“Father,” Herminia made answer, lingering lovingly on the word, “I have nothing to repent of. I have striven hard to do well, and have earned scant praise for it. But I come to ask to-day for one grasp of your hand, one word of your blessing. Father, father, kiss me!”

The old man drew himself up to his full height, with his silvery hair round his face. Tears started to his eyes; his voice faltered. But he repressed himself sternly. “No, no, my child,” he answered. “My poor old heart bleeds for you. But not till you come with full proofs of penitence in your hands can I ever receive you. I have prayed for you without ceasing. God grant you may repent. Till then, I command you, keep far away from me, and from your untainted sisters.”

The child felt her mother’s hand tremble quivering in her own, as she led her from the church; but never a word did Herminia say, lest her heart should break with it. As soon as she was outside, little Dolly looked up at her. (It had dwindled from Dolores to Dolly in real life by this time; years bring these mitigations of our first fierce outbursts.) “Who was that grand old gentleman?” the child asked, in an awe-struck voice.

And Herminia, clasping her daughter to her breast, answered with a stifled sob, “That was your grandpa, Dolly; that was my father, my father.”

The child put no more questions just then as is the wont of children; but she treasured up the incident for long in her heart, wondering much to herself why, if her grandpa was so grand an old gentleman, she and her mamma should have to live by themselves in such scrubby little lodgings. Also, why her grandpa, who looked so kind, should refuse so severely to kiss her mammy.

It was the beginning of many doubts and questionings to Dolores. A year later, the Dean died suddenly. People said he might have risen to be a bishop in his time, if it hadn’t been for that unfortunate episode about his daughter and young Merrick. Herminia was only once mentioned in his will; and even then merely to implore the divine forgiveness for her. She wept over that sadly. She didn’t want the girls’ money, she was better able to take care of herself than Elsie and Ermyntrude; but it cut her to the quick that her father should have quitted the world at last without one word of reconciliation.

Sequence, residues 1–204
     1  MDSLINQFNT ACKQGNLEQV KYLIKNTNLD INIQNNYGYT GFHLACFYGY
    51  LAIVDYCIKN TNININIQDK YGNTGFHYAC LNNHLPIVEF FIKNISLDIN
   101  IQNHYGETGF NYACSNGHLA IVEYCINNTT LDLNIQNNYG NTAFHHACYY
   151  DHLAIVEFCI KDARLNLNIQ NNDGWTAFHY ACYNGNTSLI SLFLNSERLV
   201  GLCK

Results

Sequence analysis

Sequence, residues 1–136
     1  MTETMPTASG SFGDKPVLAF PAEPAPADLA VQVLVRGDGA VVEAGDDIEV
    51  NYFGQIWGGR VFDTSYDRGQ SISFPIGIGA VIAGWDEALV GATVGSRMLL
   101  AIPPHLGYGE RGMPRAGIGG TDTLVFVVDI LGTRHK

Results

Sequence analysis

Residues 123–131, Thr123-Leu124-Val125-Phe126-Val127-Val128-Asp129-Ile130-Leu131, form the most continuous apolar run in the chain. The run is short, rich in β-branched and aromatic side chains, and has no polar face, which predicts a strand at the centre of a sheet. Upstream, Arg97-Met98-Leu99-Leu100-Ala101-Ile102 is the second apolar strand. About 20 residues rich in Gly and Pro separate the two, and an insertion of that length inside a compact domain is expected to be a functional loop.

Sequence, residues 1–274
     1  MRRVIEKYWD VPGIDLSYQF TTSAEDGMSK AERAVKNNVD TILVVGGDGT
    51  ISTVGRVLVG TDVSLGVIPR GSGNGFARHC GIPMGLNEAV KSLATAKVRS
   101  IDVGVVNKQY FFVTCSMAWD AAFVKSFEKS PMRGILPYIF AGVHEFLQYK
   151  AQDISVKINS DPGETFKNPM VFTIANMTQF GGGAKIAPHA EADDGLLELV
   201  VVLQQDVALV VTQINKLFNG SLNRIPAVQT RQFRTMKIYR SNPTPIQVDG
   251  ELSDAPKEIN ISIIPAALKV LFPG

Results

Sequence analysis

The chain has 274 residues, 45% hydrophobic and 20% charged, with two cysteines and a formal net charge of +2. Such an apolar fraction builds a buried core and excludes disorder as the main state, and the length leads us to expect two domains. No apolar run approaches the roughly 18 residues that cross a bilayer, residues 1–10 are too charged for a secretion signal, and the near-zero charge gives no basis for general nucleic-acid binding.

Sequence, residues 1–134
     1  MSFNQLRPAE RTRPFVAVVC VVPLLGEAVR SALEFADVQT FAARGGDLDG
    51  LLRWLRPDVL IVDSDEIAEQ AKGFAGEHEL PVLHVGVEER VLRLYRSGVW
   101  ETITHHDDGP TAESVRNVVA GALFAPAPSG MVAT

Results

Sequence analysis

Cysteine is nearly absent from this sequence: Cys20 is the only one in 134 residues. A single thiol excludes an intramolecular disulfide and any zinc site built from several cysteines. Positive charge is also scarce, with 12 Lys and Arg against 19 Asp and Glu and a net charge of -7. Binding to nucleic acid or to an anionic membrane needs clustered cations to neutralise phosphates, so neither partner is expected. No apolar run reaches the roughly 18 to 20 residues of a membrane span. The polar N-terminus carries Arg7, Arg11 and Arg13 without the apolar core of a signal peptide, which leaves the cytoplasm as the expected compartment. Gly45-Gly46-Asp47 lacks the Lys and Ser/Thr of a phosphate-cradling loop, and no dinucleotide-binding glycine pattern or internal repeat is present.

However, she went on working placidly at her hack-work, and living for little Dolly. Her one wish now was to make Dolly press toward the mark for the prize of the high calling she herself by mere accident had missed so narrowly. Her own life was done; Alan’s death had made her task impossible; but if Dolly could fill her place for the sake of humanity, she would not regret it. Enough for her to have martyred herself; she asked no mercenary palm and crown of martyrdom.

And she was happy in her life; as far as a certain tranquil sense of duty done could make her, she was passively happy. Her kind of journalism was so commonplace and so anonymous that she was spared that worst insult of seeing her hack-work publicly criticised as though it afforded some adequate reflection of the mind that produced it, instead of being merely an index of taste in the minds of those for whose use it was intended. So she lived for years, a machine for the production of articles and reviews; and a devoted mother to little developing Dolly.

On Dolly the hopes of half the world now centred.